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Woman's Boss Accused Her Of 'Quiet Quitting' Because She Only Works 40-Hour Weeks & Won't Cover Employees He Fired

Photo: Christina Morillo / Pexels
Woman on a laptop

Just before the pandemic hit, the Great Resignation began and turned into a mass exodus from the workplace with over 47 million people quitting their jobs.

Then came the Great Reshuffle where people decided to switch careers altogether.

But there were some who were uncomfortable dropping that notice on their bosses at work.

Instead, they began to take the back-alley route called ‘Quiet Quitting.’

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Quiet Quitting is when a person is no longer passionate about their work and begins to give the least effort possible to meet the minimum requirements of the job — you're just there for the check.

One woman recently took to the subreddit, "r/antiwork," to share an incident with her boss that left her speechless.

Her boss accused her of 'Quiet Quitting' for only working 40 hours a week.

She started by giving readers a little insight about herself, using the term, "anchor worker" to describe her work ethic.

The Redditor said she shows up for her shift like clockwork and does what is required of her.

She also added, “On the other side of the coin, I don't usually take extra shifts. I do my 40 hours reliably, so I don't have to.”

Lately, the company has been understaffed due to “biting off more than they can chew with a contract,” said the woman.

At first, they tried filling the gaps with temporary employees, but that didn’t work out.

She claimed they then reduced the number of workers required for the project and leaned on other employees to pick up extra shifts and work on weekends in order to get the job done.

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The boss wanted to talk to her about her commitment to the company.

The Redditor said that as she was returning from her lunch break, her boss called her over to his desk. She noticed that the Regional Site Manager was present, making her curious about what was going on.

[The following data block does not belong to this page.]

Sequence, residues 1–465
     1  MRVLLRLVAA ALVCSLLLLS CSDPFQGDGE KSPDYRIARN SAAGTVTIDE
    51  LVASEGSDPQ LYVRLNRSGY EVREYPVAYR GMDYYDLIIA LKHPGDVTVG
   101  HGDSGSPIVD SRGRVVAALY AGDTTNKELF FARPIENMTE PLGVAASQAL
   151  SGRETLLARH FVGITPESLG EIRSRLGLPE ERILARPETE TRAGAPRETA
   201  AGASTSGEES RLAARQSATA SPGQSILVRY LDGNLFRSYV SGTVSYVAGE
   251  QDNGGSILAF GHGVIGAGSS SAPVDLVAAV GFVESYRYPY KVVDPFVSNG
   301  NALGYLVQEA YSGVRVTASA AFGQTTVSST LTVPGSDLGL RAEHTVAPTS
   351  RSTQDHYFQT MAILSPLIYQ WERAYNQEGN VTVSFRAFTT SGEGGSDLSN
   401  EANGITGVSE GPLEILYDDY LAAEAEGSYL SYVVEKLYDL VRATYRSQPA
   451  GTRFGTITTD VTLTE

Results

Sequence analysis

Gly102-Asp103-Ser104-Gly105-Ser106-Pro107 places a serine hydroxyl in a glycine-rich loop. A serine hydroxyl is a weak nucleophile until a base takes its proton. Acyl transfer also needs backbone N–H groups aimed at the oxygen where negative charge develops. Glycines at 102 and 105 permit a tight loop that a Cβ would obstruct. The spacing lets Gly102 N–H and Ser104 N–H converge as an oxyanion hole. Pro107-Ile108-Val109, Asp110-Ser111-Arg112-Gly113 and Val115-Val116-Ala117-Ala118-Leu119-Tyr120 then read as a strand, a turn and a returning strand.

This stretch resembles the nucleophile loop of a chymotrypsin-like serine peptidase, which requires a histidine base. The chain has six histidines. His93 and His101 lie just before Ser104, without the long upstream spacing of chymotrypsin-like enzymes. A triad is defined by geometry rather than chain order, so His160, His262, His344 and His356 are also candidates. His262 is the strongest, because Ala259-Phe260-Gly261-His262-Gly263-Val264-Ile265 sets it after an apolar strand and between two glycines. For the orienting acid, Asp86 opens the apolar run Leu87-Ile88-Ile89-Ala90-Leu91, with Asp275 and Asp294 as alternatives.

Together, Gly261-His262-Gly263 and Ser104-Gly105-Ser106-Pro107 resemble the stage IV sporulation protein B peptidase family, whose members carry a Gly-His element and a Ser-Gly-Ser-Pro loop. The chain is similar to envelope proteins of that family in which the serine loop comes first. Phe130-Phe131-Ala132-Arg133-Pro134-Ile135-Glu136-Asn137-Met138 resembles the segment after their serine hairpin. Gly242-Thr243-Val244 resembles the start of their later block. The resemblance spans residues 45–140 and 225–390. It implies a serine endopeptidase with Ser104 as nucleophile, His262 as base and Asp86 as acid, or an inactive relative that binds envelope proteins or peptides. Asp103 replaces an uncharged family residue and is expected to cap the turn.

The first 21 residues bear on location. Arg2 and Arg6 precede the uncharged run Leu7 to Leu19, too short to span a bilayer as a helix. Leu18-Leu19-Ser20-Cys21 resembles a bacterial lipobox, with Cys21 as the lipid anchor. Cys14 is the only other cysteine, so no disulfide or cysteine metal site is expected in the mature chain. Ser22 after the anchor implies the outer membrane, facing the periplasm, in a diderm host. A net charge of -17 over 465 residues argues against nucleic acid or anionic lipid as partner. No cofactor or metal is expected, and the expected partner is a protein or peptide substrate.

He started to talk about the staffing issues he was having and the curious employee asked if he intended to bring on more staff to address it.

He and the site manager both responded that they were working on it.

The woman’s boss then reminded her that she would receive and referral bonus of $250 if she brought on candidates and they lasted six months.

She told readers that she had recommended people, but that they were not interested due to the work schedule.

Suddenly, her boss switched subjects and started to talk about how much he despised ‘quiet quitting.’

She let him go on about his disdain for the practice then asked, “What does this have to do with me?”

In response, he told her that according to her schedule, she was only working 40 hours a week.

He then proceeded to present the sign-up sheet for overtime, pointing out that her name was not on it.

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The woman asked if he wanted her to work more days. Instead of being direct, he started beating around the bush and complaining about her 40-hour work weeks.

"If you want me to take more shifts, then tell me you want me to take more shifts," she said to him.

Instead of making a specific request of his employee, the boss became visibly frustrated, removing his glasses and massaging his temples.

Again, the woman asked him for specifics on what he needed from her and when he didn’t respond, she got up and left, intending to continue working her scheduled shift.

Redditors took issue with him wrongly accusing her in such a passive-aggressive manner.

The first commenter posted, "I hate when things have dumb misnomers. Doing your actual job (no more, no less) should've never been labeled as 'quiet quitting.'"

"If anything, constantly calling out, being late, and barely doing your tasks should be because it's like you're daring them to fire you."

Others agreed and added terms that could be used to express how the original poster was doing her job.

Phrases like “acting your wage” and “working to rule” were thrown around as better descriptions.

One commonality among readers was that the woman was doing nothing wrong by working her scheduled hours and had no obligation to compensate for the company’s bad decisions and lack of planning.

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NyRee Ausler is a writer from Seattle, Washington, and author of seven books. She covers lifestyle and entertainment and news, as well as navigating the workplace and social issues.